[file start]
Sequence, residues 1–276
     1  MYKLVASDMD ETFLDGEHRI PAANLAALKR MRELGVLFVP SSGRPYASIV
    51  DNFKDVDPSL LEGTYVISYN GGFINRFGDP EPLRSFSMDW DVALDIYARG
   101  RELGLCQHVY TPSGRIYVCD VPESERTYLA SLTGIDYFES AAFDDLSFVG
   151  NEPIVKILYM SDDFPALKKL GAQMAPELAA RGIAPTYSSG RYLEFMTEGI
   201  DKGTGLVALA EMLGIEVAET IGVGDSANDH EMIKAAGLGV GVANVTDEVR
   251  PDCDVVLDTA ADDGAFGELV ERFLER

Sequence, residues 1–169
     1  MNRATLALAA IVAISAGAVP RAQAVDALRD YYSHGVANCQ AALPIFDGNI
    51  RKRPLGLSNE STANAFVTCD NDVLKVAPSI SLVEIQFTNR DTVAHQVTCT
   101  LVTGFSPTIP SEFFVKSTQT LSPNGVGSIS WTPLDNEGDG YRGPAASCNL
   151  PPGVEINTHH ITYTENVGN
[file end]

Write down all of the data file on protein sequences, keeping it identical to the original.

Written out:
Sequence, residues 1–276
     1  MYKLVASDMD ETFLDGEHRI PAANLAALKR MRELGVLFVP SSGRPYASIV
    51  DNFKDVDPSL LEGTYVISYN GGFINRFGDP EPLRSFSMDW DVALDIYARG
   101  RELGLCQHVY TPSGRIYVCD VPESERTYLA SLTGIDYFES AAFDDLSFVG
   151  NEPIVKILYM SDDFPALKKL GAQMAPELAA RGIAPTYSSG RYLEFMTEGI
   201  DKGTGLVALA EMLGIEVAET IGVGDSANDH EMIKAAGLGV GVANVTDEVR
   251  PDCDVVLDTA ADDGAFGELV ERFLER

Sequence, residues 1–169
     1  MNRATLALAA IVAISAGAVP RAQAVDALRD YYSHGVANCQ AALPIFDGNI
    51  RKRPLGLSNE STANAFVTCD NDVLKVAPSI SLVEIQFTNR DTVAHQVTCT
   101  LVTGFSPTIP SEFFVKSTQT LSPNGVGSIS WTPLDNEGDG YRGPAASCNL
   151  PPGVEINTHH ITYTENVGN